GROSS: Do you believe him?
TUTU: No, (laughter) of course not. No. I think, I mean, that he’s an irascible old man who believes certain things firmly and had a particular kind of character and temperament. You know, he didn’t stand any opposition. And they say he used to reduce many of his cabinet to tears in the way that he operated with them. And so one quite understood that he would have a massive blind spot. He believed that he was doing the right thing, especially by the white people. There was nothing that would shake him from his belief. He was very proud of the fact that he was seen as a granite man – immovable, totally immovable. Nothing, once he had taken a position, was likely to persuade him to shift.
GROSS: Did the idea of reconciliation feel any different to you as an aggrieved party than it fell to you as the chair of the Truth and Reconciliation Commission?
TUTU: It’s difficult, perhaps, to make those distinctions because many of the aggrieved were sitting in front of me. And I had a real empathy with them – not even empathy. I mean, I could just as well have changed places with them. Many of the things that they were describing could so easily have happened to me or to people very close to me in my family. But it was quite important that I sought to hold together the perpetrators, those who had benefited from the injustice and the oppression – to reach out to them in a way that would enable them to see that they were being given an opportunity. Here was a window, a door being opened for them to enter, as it were, the next room, which would be the future of – the kind of future where South Africans will be able to live amicably together. And so I couldn’t, as you were, remain in the position of the aggrieved. I also had to do all I could, as did my colleagues on the commission, to be those who sought to facilitate an engagement between the perpetrator and the victim.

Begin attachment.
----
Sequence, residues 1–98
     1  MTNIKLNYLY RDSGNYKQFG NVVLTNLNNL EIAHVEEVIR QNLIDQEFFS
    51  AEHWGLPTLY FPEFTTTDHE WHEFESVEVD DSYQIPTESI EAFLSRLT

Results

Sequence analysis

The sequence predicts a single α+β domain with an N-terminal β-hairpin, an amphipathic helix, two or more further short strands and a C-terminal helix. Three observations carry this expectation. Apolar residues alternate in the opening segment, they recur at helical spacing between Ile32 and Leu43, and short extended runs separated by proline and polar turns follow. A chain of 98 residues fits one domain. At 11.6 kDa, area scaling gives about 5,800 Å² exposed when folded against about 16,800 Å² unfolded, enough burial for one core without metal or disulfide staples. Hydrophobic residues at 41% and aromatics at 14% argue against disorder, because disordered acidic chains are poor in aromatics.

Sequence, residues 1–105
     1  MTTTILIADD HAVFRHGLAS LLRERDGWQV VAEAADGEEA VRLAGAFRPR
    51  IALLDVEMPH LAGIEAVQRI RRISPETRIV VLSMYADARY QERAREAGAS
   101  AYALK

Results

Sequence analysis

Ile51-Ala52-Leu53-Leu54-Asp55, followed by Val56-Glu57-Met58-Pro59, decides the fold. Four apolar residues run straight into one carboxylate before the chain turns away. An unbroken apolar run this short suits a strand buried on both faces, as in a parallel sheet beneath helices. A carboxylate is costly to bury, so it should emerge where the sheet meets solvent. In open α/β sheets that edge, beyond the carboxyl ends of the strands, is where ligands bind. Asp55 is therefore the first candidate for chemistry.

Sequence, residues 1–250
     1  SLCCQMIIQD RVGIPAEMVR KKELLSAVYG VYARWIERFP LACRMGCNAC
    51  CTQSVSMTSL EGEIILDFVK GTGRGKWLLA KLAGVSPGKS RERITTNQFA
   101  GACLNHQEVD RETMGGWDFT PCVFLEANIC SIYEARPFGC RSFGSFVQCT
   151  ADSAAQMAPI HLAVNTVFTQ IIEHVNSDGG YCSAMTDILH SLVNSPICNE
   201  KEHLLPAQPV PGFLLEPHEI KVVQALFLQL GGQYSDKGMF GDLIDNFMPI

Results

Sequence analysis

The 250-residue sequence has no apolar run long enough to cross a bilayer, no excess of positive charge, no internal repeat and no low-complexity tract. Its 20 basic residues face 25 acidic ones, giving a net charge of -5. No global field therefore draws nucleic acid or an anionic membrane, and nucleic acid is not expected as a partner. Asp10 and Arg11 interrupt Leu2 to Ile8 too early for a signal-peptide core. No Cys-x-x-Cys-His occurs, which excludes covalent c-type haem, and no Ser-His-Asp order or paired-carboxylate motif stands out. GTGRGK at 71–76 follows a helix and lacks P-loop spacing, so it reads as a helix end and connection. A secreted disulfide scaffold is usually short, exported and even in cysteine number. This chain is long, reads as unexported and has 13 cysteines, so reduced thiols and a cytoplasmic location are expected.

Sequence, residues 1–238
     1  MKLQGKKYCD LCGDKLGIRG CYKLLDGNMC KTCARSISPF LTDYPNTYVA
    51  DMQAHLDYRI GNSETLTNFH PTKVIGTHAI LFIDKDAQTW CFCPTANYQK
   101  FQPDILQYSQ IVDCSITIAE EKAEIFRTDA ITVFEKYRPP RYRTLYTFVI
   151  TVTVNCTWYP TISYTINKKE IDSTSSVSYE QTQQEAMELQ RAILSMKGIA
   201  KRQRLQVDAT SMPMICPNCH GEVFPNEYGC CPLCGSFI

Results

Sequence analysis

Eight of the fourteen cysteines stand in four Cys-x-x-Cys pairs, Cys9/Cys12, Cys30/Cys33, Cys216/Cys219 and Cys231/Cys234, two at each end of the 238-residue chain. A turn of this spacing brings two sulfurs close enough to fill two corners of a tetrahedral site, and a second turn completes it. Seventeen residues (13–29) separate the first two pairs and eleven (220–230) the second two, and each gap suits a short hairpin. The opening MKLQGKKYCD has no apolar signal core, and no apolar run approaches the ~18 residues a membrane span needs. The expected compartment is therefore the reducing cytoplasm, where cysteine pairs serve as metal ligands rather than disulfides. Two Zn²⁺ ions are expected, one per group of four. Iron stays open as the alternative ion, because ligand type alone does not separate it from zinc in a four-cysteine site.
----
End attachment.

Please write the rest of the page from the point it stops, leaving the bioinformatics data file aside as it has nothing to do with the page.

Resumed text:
GROSS: We’re listening to the interview I recorded with Desmond Tutu in 1999. We’ll hear more of the interview after a break. This is FRESH AIR.
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GROSS: This is FRESH AIR. Let’s get back to the interview I recorded in 1999 with Desmond Tutu. In his roles as the head of the South African Council of Churches, bishop of Johannesburg and archbishop of Cape Town, he was a leader in the fight against apartheid. He won the Nobel Peace Prize in 1984. After apartheid, he helped lead the transition to democracy as chair of South Africa’s Truth and Reconciliation Commission, a position he was appointed to by President Nelson Mandela.
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GROSS: I think you imply in your book that you don’t think the Truth and Reconciliation Commission would be possible if it weren’t for Mandela’s generous spirit, the fact that he can emerge from such a long prison stay and not be just kind of bitter and seeking revenge, but rather have this generosity of spirit that seemed…